Teachers and students crowd inside a small kitchen at the Yakama Nation Tribal School. They’re hovered over three pots of sacred First Foods, trying to decide what order to serve hundreds of elders and family members. This year’s a little different. For the first time in 70 years students are serving wapato (pdf) at their Elder’s Dinner.

Most elders have not tasted the food since they were toddlers. Some remember their parents or grandparents harvesting it. But no one knows for sure how Yakama ancestors traditionally worked with the vegetable.

Students and teachers transformed the school’s gym into a large dining hall, laid out like traditional longhouses. It’s now up to the students to preserve this sacred tradition, especially as many historic rituals fall out of practice with younger generations.

“I was taught that nothing’s ever lost. It’s just being put away for awhile,” says Emmanuelle Wallahee, a senior at Yakama Nation Tribal School.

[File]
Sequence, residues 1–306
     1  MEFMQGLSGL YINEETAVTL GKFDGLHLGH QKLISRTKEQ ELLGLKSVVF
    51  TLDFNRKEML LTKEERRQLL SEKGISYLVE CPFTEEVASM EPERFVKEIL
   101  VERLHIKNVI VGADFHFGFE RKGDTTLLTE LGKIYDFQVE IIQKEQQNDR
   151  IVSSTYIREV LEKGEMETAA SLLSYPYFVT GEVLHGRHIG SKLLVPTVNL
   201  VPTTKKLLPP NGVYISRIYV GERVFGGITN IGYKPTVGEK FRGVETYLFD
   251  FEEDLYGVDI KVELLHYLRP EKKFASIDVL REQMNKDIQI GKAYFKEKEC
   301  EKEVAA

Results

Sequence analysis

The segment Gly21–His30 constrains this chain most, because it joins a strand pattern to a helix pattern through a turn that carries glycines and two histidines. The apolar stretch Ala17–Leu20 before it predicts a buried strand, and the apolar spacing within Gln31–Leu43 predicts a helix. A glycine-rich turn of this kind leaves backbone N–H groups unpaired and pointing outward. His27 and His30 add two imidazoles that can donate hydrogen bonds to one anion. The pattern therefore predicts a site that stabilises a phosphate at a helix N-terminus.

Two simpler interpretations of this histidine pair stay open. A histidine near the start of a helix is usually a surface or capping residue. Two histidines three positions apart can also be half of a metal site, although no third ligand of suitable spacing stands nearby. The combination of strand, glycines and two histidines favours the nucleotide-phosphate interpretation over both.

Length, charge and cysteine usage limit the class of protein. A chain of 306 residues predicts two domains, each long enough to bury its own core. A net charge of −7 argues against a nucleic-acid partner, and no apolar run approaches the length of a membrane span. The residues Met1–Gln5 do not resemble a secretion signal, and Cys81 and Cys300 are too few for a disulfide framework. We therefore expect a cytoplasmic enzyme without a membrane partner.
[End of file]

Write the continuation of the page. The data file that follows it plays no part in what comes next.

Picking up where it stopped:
Years ago wapato were as important to the Yakama diet as sacred foods like salmon. As chairs are stacked and tables are moved, Emmanuelle says it’s not the only food to disappear.

“My grandma, she talks about all the foods that were missing from the table, and she’d say some of them: eels don’t go on there very much. The wapato just now finally got back on. We even ate birds, like duck and we ate the sage grouse,” Emmanuelle says.

She says it’s important to differentiate between these traditional foods and easy-to-purchase processed ones. She says she’s learning all she can from her elders so she can pass the knowledge on to her children.

Yakama Nation Tribal School teacher Zelda Winnier helped students harvest wapato. She says this feast is a pivotal point in the students’ lives.

“The children are at a stage where they don’t know whether they want to stand by their tradition because there are so many cultures out there to adopt, and our culture is kind of getting old-fashioned. But I think this kind of pulled them back into our culture a little bit because they had such an important part in it,” Winnier says.